The seven second rule: Navigating silence

In my house, the chatter is fairly constant. When I go out with friends, there’s rarely a gap of more than a few seconds before someone feels compelled to say something. When it’s quiet in the car for more than three seconds, my young daughter asks: 

“What’s wrong?” I didn’t realise how uncomfortable I was with silence in conversations until I began working in places where people were comfortable with silence. Over the years I’ve become more at ease with silence, but it can still feel awkward, largely because I was programmed to feel that way from a very young age.

When kids in the US misbehave, they’re often given a time-out, which usually means that they have to stay in part of a room by themselves and are forbidden to make a noise or converse with anyone else. When they have successfully completed their silent time, they are allowed to return to the land of noise. The message is quite clear to most kids: Silence equals punishment. Talking equals reward.

Later in life people are introduced to the ‘silent treatment’ as a means of expressing displeasure with someone. Nothing makes me beg forgiveness faster than this close-lipped type of communication. For me and most other US natives, silence creates a strong sense of discomfort and often signals that someone is unhappy with us.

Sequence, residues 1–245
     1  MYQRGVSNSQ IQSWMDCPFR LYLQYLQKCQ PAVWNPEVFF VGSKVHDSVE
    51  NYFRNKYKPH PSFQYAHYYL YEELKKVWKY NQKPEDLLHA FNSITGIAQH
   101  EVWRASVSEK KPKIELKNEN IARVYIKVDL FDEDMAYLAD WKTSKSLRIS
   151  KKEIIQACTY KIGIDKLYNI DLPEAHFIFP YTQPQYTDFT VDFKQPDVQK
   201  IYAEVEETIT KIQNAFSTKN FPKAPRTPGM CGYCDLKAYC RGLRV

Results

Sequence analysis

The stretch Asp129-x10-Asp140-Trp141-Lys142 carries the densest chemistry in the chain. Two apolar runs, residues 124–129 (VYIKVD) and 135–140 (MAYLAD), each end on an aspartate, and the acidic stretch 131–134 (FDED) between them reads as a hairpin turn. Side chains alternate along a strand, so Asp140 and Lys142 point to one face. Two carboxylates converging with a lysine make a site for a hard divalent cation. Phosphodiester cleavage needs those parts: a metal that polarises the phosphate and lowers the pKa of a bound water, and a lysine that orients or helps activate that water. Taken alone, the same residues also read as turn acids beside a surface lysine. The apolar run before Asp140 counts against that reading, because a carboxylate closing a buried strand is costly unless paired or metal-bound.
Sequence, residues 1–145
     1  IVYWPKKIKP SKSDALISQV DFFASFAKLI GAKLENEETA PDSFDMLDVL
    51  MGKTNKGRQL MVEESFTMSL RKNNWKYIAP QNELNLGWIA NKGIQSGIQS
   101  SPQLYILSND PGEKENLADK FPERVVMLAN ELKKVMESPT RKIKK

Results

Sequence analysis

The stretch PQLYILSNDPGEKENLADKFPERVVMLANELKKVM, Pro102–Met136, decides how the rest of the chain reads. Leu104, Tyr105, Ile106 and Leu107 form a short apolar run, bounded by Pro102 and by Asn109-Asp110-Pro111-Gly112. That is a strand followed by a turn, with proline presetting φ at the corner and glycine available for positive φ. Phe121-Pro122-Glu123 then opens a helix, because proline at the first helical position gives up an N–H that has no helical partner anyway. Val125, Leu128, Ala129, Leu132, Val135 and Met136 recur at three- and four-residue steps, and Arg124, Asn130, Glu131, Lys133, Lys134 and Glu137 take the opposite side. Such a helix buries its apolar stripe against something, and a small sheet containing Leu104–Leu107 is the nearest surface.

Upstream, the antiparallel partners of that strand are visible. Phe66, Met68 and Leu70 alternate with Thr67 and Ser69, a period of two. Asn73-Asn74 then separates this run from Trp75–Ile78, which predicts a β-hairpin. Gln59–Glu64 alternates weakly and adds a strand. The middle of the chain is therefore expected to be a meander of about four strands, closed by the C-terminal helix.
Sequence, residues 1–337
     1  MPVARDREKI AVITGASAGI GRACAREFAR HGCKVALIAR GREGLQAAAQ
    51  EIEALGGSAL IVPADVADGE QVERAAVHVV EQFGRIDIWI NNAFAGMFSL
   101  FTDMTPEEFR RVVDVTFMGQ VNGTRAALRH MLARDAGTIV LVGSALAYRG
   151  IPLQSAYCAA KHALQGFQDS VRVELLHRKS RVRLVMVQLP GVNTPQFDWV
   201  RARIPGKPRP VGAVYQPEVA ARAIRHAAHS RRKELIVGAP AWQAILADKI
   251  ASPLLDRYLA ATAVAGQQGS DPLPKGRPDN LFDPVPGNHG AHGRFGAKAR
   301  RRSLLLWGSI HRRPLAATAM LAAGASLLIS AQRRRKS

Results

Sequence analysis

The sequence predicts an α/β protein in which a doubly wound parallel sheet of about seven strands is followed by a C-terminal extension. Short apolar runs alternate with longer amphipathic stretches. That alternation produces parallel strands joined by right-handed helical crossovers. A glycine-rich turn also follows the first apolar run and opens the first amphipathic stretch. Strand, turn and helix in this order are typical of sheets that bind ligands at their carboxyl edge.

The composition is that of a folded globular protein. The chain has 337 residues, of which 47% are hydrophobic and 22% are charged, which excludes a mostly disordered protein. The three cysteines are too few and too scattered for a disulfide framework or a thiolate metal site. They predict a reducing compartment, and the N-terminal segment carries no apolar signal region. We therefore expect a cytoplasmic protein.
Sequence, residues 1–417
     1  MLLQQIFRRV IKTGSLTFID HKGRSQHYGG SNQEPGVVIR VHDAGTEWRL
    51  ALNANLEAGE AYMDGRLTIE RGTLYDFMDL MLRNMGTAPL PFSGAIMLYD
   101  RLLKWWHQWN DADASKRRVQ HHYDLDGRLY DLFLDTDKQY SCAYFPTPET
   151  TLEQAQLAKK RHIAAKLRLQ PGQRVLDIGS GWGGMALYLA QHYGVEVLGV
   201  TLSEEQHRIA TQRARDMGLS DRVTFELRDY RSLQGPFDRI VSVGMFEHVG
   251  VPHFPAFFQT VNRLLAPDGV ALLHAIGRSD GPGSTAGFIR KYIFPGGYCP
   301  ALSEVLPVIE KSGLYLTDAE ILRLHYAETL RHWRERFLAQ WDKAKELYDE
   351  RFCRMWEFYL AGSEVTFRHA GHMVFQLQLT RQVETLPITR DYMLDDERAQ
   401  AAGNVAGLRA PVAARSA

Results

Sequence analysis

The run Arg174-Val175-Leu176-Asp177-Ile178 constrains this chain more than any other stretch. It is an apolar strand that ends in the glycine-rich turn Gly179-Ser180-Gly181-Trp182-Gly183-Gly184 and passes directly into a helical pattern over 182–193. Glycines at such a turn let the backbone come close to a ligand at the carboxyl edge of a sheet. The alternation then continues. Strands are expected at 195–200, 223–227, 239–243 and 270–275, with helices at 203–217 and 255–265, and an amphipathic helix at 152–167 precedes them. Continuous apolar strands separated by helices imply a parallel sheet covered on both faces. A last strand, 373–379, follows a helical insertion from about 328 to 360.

There’s an experiment that I like to do in my workshops in which I pause after completing a thought, as if I’m contemplating my next statement. But instead of taking a one- to two-second pause, I remain silent for about five to seven seconds – and I observe what happens with my audience. In the US, the majority of the audience starts to cough, laugh, talk to themselves out loud, and get wiggly in their seats right around the three-second mark. The signs of discomfort just increase as the time passes. Afterward, I ask the audience how my silence made them feel. For many, it’s excruciatingly awkward.

Participants tell me that they think that I forgot what I was about to say or I had a sudden realization – like leaving the stove on in my house or having missed my mother’s birthday. Next I ask participants to extrapolate: “What is your reaction when a question you ask is met with silence, whether it be by a colleague, customer, friend, or family member?” People native to the US generally assume that their question wasn’t understood by the listener, or that the listener didn’t know the answer or simply didn’t like the question. Again, they tend to see silence as a negative.

When I put this question to people from other cultures, however, they may tell me that their first interpretation of the silence is to assume the listener is thinking, taking time to formulate a thoughtful and accurate response to the question. In their way of communicating, longer silences are expected and appreciated. People from these cultures don’t get uncomfortable until about the seven-second mark, if at all. I recently asked a group of Japanese participants in my workshop what their tolerance for an extended silence was, and the response from one participant was “About thirty seconds.”